More recent comparisons, however, of two of the latter three programs (Double Ovsynch and PG-3-G) have been made with Presynch-11 or Presynch-10 before Ovsynch as the control. In both cases, these newer programs seem to outperform the classic Presynch + Ovsynch programs. As we gain greater understanding about how follicles mature and respond to these programs, other systems are likely to be developed.
For example, recent studies published by Jose Santos and his students at the University of Florida illustrated that after applying a Presynch-11 program, reducing the interval between GnRH-1 and PGF of the Ovsynch program in 933 cows from 7 to 5 days resulted in greater pregnancy rates for the 5-day treatment (38 versus 31 percent). All cows were inseminated at 72 hours after PGF, but to make the 5-day program work, a second injection of PGF must be given 24 hours after the traditional PGF injection (48 hours before timed A.I.) to ensure that the CL regresses. Why? When a follicle ovulates after GnRH-1 and forms a new CL in the 5-day program, it requires two PGF injections to destroy the new younger CL.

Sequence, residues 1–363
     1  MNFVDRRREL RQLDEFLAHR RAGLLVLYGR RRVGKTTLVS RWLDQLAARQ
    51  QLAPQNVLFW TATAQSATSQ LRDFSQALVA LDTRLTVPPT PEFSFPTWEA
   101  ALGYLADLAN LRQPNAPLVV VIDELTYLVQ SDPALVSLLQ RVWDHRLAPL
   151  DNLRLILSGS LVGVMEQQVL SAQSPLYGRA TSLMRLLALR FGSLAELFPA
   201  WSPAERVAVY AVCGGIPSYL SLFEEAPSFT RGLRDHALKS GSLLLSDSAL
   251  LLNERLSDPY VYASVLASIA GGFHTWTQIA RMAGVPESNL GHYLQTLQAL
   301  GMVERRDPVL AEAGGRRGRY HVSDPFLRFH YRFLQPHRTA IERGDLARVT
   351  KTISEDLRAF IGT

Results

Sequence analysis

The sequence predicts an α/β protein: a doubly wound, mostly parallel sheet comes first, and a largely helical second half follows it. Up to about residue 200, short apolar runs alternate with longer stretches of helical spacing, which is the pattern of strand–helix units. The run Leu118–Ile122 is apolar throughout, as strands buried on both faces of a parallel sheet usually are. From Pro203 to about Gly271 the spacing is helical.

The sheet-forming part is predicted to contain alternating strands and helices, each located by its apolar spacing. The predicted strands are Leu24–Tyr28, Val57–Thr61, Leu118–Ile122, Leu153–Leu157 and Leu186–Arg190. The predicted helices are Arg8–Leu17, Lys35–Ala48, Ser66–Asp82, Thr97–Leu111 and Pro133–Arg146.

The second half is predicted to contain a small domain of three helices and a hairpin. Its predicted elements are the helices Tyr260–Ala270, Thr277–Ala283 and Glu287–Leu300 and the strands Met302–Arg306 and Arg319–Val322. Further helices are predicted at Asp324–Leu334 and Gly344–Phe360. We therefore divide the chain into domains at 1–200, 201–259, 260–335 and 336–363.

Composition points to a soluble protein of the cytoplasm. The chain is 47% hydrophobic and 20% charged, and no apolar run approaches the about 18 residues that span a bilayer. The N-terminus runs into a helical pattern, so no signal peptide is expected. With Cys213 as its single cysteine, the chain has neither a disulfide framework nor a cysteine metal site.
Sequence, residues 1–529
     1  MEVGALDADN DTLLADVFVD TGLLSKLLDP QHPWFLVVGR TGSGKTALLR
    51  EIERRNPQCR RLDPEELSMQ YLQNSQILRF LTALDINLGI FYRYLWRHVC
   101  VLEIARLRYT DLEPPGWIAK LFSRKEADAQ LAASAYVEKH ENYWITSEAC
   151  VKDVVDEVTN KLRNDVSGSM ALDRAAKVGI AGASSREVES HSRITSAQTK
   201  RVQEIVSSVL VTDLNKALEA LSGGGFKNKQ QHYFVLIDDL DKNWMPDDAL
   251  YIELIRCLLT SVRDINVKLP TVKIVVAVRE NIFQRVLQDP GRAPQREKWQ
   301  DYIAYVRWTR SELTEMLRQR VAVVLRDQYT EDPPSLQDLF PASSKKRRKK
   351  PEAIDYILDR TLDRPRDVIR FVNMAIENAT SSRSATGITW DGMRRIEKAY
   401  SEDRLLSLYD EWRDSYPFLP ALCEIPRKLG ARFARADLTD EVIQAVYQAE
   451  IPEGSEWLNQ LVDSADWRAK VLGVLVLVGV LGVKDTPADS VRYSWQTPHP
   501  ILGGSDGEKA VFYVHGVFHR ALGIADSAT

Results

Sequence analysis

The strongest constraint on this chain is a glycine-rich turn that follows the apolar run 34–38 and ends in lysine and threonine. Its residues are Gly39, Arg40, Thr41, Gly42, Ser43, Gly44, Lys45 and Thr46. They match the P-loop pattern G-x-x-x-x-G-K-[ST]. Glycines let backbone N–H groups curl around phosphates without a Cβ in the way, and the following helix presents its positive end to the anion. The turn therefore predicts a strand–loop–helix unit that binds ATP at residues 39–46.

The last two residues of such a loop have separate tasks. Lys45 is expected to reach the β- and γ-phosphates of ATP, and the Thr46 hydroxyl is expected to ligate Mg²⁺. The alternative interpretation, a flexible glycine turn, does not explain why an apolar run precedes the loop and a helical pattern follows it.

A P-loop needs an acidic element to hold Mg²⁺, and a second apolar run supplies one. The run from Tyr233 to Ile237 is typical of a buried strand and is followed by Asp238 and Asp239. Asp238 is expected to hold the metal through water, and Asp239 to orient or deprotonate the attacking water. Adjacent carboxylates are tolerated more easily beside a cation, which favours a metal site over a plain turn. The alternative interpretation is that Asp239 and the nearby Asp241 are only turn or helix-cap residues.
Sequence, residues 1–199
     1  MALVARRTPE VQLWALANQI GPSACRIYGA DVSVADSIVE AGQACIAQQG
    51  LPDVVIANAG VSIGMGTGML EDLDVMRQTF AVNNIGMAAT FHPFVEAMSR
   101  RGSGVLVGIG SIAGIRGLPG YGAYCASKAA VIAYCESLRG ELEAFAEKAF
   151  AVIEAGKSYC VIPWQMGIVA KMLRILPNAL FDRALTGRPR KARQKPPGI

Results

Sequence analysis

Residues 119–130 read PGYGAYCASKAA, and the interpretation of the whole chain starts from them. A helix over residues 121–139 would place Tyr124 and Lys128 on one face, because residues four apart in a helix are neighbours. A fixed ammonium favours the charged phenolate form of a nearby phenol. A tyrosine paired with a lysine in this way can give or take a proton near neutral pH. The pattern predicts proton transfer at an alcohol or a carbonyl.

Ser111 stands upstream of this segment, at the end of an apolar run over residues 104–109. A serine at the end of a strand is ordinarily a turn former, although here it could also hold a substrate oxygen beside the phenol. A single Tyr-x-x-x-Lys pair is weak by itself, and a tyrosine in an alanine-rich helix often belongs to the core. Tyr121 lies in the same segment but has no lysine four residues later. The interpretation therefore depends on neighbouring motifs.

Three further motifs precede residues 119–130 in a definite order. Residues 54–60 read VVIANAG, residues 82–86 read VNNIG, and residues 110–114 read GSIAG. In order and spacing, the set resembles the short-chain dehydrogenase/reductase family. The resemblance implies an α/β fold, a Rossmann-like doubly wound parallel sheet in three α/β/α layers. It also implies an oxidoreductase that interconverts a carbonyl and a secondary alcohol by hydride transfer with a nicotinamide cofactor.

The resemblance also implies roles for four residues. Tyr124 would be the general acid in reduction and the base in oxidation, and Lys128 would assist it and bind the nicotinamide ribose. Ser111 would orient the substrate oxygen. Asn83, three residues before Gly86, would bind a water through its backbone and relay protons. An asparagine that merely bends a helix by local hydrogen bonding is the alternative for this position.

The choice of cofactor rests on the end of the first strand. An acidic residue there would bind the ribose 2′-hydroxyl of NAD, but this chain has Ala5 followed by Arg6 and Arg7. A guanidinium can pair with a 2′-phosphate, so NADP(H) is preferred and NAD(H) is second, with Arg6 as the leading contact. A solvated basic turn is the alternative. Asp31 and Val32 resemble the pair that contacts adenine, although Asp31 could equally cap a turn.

Many dairy producers already have adapted these programs to reduce costs. Many are inseminating cows observed in heat after the second PGF of the Presynch programs. Some set their voluntary waiting period at 50 days and start the Presynch program at 48 to 50 days so any cow showing good heat activity is submitted for A.I. breeding after either of the Presynch PGF injections.
In some cases, the fertility of these “cherry-picked” cows is as good as those receiving the entire timed A.I. program before first service. In contrast, when the conception rates of these “cherry-picked” cows are not very good, some dairy producers should reconsider the value of breeding these early cows except when good strong heats are detected.
What about your farm?
Examine the evidence in this article and determine if any change is merited for your dairy operation. Change for change sake does not always produce better results. What is designed on paper must be what is actually compliantly done by employees.
The end-user must understand and follow directions. It is much like designing a ration. Is the ration fed to the cows the same one that was designed on paper? If the designed ration results in more milk, then it is successful. If the A.I. breeding program designed on paper actually produces more pregnancies, then it is a success. Execution and compliance to the program are essential to success.